On appeal from the Superior Court, Law Division.
For affirmance -- Chief Justice Weintraub, and Justices Burling, Jacobs, Francis and Proctor. For reversal -- Justice Hall. The opinion of the court was delivered by Weintraub, C.J. Hall, J. (dissenting).
This is a zoning case. By a vote of 3 to 1, the board of adjustment recommended a variance under subsection (d) of N.J.S.A. 40:55-39 to permit the use of residential premises for a parochial school with living quarters for teachers. The governing body approved. Owners of neighboring property, having failed in their attack in the Law Division, 51 N.J. Super. 69 (1959), prosecuted this appeal. We certified the matter on our motion before the Appellate Division considered it.
The zoning ordinance establishes eight residental and two business districts. The required plot size in residential districts ranges to a maximum of 40,000 sq. ft. in Residence A. The property in question, known as Ivy Hedge, is one of some nine separate ownerships comprising a Residence A district. Ivy Hedge embraces about 16 acres, fronting on the westerly side of Wickapecko Drive for a distance of about 617 ft. and extending westerly with side lines of 1,022 ft. and 1,059 ft. to a rear line of 339.50 ft. On the same side of the street, a 30-acre tract of vacant land lies north of Ivy Hedge; to the south are two parcels with substantial homes. South of the two parcels last mentioned is a Residence E district containing a subdivision development, a women's club, a community day school, and
a public school. To the west and south of the rear portion of Ivy Hedge is another subdivision development in a Residence E district. The minimum plot requirement of the Residence E districts is 12,500 sq. ft. On the easterly side of Wickapecko Drive, across from the premises in question and constituting the balance of the Residence A district here involved, are valuable estates owned by plaintiffs.
The residence on the property in question erected in 1900 contains 17 rooms, plus 6 bathrooms, and 2 powder rooms. The structure is well set back from the property line. The variance is conditioned as follows:
"1. That the exterior of the existing building not be changed or altered;
2. That the property east of the building known as the front yard shall be maintained in its present state of landscaping;
3. That the main entrance and exit for school purposes shall be limited to the extreme westerly portion of the property known as the rear;
4. That any public area, playgrounds, athletic field, etc. be established to the rear of the existing building;
5. St. Mary's Parish would accept the children of Ocean Township who are now attending other parochial schools;
6. That St. Mary's Parish install at its own cost and expense a sanitary sewer line to connect with existing sewer system according to specifications and places as determined by the Township Engineer. Further, that all main lines on existing streets be dedicated to the Township of Ocean; and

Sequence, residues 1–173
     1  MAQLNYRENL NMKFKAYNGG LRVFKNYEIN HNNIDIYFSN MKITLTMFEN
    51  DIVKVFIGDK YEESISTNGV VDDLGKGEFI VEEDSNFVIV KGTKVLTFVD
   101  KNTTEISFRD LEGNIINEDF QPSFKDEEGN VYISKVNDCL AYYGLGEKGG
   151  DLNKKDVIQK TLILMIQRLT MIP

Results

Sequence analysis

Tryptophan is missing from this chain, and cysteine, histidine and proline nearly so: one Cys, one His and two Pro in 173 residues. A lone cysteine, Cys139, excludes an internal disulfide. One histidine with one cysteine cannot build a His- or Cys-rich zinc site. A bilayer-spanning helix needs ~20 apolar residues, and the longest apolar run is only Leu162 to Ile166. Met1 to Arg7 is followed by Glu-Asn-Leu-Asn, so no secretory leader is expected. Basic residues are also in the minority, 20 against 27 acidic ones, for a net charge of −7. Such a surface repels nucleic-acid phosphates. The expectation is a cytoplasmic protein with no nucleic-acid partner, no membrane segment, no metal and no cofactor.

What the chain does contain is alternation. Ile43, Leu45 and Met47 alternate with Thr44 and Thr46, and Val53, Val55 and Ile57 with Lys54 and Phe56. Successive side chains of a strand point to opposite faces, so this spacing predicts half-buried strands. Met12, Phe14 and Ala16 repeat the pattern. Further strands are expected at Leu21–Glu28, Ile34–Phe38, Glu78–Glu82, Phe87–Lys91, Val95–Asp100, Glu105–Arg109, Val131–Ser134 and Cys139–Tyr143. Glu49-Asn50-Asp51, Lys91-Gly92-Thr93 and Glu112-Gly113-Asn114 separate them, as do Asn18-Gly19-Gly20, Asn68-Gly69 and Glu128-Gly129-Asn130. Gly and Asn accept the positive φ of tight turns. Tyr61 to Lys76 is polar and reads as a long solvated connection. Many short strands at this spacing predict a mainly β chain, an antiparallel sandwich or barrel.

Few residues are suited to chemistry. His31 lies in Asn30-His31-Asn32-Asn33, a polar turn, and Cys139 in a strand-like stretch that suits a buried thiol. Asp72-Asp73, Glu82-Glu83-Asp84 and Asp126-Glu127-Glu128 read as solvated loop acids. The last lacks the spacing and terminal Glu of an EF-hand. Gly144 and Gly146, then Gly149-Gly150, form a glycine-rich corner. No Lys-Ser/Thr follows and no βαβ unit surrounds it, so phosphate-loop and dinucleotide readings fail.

7. That the convent and parochial school shall be limited to the existing main building."
The ordinance permits in all districts "apartment houses, garden apartments, apartment hotels, hotels, boarding houses, municipal buildings, churches, public schools, including playgrounds and accessory buildings, public parks, and public playgrounds" upon, however, the recommendation of the board of adjustment to the township committee "under the same procedure as the Board of Adjustment is empowered by law and ordinance to hear cases and make exceptions to the provisions of a zoning ordinance * * * if in its judgment the use * * * will not be detrimental to the health, safety and general welfare of the community
and is reasonably necessary for the convenience of the community." A parochial school, however, is not within the category of uses thus permitted. Rather it comes within "private schools or other educational institutions, whether or not conducted for profit," which are authorized in business districts upon prior application to the board of adjustment under the same provisions with respect to "exceptions" quoted above.
A parochial school thus being unauthorized in residential districts, a variance was sought under (d) of N.J.S.A. 40:55-39. The cited statute reads:
"The board of adjustment shall have the power to:
d. Recommend in particular cases and for special reasons to the governing body of the municipality the granting of a variance to allow a structure or use in a district restricted against such structure or use. Whereupon the governing body or board of public works may, by resolution, approve or disapprove such recommendation. * * *
No relief may be granted or action taken under the terms of this section unless such relief can be granted without substantial detriment to the public good and will not substantially impair the intent and purpose of the zone plan and zoning ordinance."
Two critical findings are required by the statute: (1) that the variance "can be granted without substantial detriment to the public good and will not substantially impair the intent and purpose of the zone plan and zoning ordinance"; (2) that "special reasons" exist for the variance. Both findings were made by the board of adjustment in adequate factual detail and with ample support in the record.
As to the first requirement, the school of course involves no inherent "detriment to the public good." And in the scene before us it was reasonably found that there will be no substantial impairment of the "intent and purpose of the zone plan and zoning ordinance." The ordinance contemplates uses other than one-family homes. As pointed out above, apartment houses, garden apartments, apartment hotels, hotels, ...